Epiphanius of Salamis, Cyprus (c.311-403)  put together a book called Panarion (literally: Medicine Chest), in which he makes a collection of heresies (figuratively: diseases) and orthodox truths (figuratively: medicines).  He writes about the Montanists, a group which adhered to the teaching of the prophet Montanist, and Maximilla and Prisicilla, two female prophets. They lived in the mid-second century in the area of Phrygia (in modern day Turkey).

Their movement, at its inception, was called the New Prophecy, and went through a number of iterations during the several centuries of its lifespan.  Besides accepting females as leaders and prophetesses in their movement, the group were millenarian, who supposed that heaven would come to earth in the Phrygian city Pepuza. [See below for a link to more writings about the Montanist movement].

In one report Epiphanius argues against a certain off-shoot of this movement, called the Quintillianists. Their prophetess had a vision of Christ as a woman. Although Epiphanius does not favor this group – he conceives them to be heretics – we, as modern people, are free to examine the matter from their side. In any case, we have evidence, here, of the visionary richness of the early Christian movement.

Here’s the report from Epiphanius, Panarion 49.1:

  1. … The Quintillianists or Priscillianists say that either Quintilla or Priscilla (I am not sure which one, but one of them), as I mentioned before, slept in Pepuza and Christ came to her and he slept next to her and it happened this way according to the misled woman: “Christ came to me dressed in a white robe,” she said, “in the shape of a woman, instilled into me wisdom, and shared with me how that this place is holy, and that Jerusalem will come down from heaven here.” And, because of this, even down to this day, they say, that certain women and men also are initiated there on the site, so that those people can wait for Christ and see him [themselves]. They are women in this group whom they refer to as prophetesses.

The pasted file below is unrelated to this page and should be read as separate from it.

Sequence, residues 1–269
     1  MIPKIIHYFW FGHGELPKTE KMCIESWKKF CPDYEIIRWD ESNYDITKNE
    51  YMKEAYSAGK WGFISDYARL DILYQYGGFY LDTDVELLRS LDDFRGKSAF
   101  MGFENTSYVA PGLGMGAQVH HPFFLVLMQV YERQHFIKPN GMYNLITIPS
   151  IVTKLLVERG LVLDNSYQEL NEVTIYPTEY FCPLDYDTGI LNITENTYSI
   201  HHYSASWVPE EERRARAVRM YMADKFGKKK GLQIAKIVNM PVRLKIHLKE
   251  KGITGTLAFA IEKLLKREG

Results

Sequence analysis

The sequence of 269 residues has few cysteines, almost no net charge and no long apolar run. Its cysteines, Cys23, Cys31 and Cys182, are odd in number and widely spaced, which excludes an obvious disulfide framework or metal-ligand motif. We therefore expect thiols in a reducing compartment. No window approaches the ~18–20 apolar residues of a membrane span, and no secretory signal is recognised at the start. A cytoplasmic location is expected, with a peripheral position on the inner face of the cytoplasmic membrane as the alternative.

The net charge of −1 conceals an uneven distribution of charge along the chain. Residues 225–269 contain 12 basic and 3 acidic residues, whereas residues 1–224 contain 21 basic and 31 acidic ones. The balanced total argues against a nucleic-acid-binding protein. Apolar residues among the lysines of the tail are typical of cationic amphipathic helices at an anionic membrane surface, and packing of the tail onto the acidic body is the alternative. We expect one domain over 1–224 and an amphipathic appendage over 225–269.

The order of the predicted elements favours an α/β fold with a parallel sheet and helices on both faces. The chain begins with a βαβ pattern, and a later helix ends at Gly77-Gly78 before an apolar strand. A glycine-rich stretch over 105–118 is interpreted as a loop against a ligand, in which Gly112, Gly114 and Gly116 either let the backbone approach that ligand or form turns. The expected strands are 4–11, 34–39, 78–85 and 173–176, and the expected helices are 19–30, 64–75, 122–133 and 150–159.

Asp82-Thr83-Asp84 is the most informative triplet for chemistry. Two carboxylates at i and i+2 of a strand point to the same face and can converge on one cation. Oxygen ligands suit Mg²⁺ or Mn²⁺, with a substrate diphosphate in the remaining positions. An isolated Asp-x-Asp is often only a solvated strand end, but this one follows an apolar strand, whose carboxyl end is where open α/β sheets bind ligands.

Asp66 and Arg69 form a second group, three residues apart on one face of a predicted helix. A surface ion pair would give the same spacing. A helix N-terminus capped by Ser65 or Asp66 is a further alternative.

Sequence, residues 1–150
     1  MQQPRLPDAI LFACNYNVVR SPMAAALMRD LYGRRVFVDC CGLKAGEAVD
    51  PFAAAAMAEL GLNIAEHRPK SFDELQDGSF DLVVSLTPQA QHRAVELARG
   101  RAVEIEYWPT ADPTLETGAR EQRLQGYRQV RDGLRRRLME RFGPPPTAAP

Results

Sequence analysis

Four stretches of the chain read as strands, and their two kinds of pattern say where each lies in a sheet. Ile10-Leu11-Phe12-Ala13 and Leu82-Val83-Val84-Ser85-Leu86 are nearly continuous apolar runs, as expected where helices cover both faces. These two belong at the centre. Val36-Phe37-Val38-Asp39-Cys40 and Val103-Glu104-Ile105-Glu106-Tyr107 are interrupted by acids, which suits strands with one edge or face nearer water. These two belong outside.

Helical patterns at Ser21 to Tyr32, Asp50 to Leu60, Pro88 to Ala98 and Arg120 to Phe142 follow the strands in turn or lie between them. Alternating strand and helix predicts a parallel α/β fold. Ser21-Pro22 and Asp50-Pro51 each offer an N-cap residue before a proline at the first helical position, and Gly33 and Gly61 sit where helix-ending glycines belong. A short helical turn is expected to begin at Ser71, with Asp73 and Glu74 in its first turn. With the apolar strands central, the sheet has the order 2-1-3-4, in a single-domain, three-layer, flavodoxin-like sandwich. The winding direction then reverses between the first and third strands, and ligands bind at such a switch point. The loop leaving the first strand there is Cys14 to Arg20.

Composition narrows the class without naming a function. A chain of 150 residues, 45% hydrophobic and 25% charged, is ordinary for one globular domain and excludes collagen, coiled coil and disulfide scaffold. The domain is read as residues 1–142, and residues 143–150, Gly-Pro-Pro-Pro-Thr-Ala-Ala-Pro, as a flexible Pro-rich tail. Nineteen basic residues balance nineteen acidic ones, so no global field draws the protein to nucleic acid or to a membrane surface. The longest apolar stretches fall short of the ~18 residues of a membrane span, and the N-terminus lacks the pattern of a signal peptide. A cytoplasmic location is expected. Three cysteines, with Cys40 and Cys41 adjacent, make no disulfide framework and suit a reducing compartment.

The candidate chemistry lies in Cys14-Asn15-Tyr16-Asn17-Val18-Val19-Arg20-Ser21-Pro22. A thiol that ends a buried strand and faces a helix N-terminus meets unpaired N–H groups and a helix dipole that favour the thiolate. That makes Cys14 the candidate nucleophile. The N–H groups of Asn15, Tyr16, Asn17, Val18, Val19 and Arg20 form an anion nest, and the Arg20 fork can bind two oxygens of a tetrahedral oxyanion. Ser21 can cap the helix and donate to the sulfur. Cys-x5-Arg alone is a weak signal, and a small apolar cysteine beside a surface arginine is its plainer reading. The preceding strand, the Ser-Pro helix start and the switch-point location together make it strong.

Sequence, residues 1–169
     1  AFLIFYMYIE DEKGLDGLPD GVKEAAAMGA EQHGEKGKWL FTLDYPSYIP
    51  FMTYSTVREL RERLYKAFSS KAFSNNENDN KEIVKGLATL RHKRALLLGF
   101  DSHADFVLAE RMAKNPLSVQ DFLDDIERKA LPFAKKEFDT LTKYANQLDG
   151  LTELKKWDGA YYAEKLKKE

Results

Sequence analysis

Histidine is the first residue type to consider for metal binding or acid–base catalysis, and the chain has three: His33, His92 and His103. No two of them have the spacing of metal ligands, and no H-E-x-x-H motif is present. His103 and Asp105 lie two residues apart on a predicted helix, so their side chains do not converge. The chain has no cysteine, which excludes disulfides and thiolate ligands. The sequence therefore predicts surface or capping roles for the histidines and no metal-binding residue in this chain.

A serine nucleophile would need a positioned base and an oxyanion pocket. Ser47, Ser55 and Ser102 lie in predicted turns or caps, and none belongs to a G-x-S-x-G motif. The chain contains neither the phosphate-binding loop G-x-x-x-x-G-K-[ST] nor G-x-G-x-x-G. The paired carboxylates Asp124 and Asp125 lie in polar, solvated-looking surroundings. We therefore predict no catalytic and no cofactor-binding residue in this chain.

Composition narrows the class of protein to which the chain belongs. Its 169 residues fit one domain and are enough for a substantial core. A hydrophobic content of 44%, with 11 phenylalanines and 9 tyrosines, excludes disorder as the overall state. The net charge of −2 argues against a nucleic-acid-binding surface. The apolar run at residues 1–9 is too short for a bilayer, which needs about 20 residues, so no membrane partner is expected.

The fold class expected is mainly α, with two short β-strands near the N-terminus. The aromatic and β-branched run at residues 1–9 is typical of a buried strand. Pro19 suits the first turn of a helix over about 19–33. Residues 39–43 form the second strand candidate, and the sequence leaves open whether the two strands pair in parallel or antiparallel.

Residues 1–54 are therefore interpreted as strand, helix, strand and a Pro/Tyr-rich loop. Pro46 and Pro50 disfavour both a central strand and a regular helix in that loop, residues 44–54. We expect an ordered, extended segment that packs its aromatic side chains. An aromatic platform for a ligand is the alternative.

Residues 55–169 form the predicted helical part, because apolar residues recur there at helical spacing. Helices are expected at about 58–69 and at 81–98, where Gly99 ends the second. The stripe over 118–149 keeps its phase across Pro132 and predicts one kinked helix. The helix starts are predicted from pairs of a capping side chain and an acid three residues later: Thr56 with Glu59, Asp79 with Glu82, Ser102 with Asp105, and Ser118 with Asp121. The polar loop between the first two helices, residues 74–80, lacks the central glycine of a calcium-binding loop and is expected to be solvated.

**Tertullian (155 – 240 CE), the North African Christian theologian, was an adherent to the New Prophecy. Later writers, of which there are a great number, argued voluminously against the Montanists. For a comprehensive set of documents, see Montanist Archives

***For female Christ images see: Art that Dares

 

 

 

Faith Healing: How to Prove or Disprove?

The_Faith_Healer_(1921)_-_Isis_Theater,_Indianapolis,_Indiana

Hi All,

The evidence for faith healing relies not on statistics and scientific procedures, primarily, but on personal testimonies. Testimonies, which are designed to strengthen one’s own faith while convincing or converting an audience, can be faked and dissimulated.

Semantically, a healing testimony or faith claim enacts an exchange between the giver of the message and its recipient. If the recipient doubts, the faith testimony has failed, in a sense, since it has not achieved its goal of converting the listener. If the giver of the message is lying, then even if the listener believes it, this faith healing is untrustworthy.

Nor does quantity of evidence matter so much as quality, when it comes to healing miracles. A multitude can be tricked and deceived, just as a single person of discernment may be sufficient to vouch for the truth of a miracle or faith claim.